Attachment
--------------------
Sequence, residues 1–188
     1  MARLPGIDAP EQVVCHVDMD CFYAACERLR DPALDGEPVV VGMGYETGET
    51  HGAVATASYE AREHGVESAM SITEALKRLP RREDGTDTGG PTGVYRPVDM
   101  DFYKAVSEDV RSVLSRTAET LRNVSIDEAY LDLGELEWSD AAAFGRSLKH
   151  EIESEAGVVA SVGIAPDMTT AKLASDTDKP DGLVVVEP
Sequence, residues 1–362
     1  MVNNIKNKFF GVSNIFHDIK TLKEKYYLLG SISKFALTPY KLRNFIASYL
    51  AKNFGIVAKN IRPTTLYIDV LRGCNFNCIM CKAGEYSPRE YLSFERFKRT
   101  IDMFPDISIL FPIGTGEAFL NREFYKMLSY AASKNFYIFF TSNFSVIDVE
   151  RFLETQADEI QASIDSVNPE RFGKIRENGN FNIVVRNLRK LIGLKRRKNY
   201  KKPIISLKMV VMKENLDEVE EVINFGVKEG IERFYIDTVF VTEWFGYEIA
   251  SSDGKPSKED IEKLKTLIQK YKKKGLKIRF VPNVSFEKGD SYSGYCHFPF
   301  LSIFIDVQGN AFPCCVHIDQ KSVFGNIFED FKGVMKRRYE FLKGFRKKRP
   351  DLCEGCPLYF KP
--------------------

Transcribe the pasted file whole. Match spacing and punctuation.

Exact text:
Sequence, residues 1–188
     1  MARLPGIDAP EQVVCHVDMD CFYAACERLR DPALDGEPVV VGMGYETGET
    51  HGAVATASYE AREHGVESAM SITEALKRLP RREDGTDTGG PTGVYRPVDM
   101  DFYKAVSEDV RSVLSRTAET LRNVSIDEAY LDLGELEWSD AAAFGRSLKH
   151  EIESEAGVVA SVGIAPDMTT AKLASDTDKP DGLVVVEP
Sequence, residues 1–362
     1  MVNNIKNKFF GVSNIFHDIK TLKEKYYLLG SISKFALTPY KLRNFIASYL
    51  AKNFGIVAKN IRPTTLYIDV LRGCNFNCIM CKAGEYSPRE YLSFERFKRT
   101  IDMFPDISIL FPIGTGEAFL NREFYKMLSY AASKNFYIFF TSNFSVIDVE
   151  RFLETQADEI QASIDSVNPE RFGKIRENGN FNIVVRNLRK LIGLKRRKNY
   201  KKPIISLKMV VMKENLDEVE EVINFGVKEG IERFYIDTVF VTEWFGYEIA
   251  SSDGKPSKED IEKLKTLIQK YKKKGLKIRF VPNVSFEKGD SYSGYCHFPF
   301  LSIFIDVQGN AFPCCVHIDQ KSVFGNIFED FKGVMKRRYE FLKGFRKKRP
   351  DLCEGCPLYF KP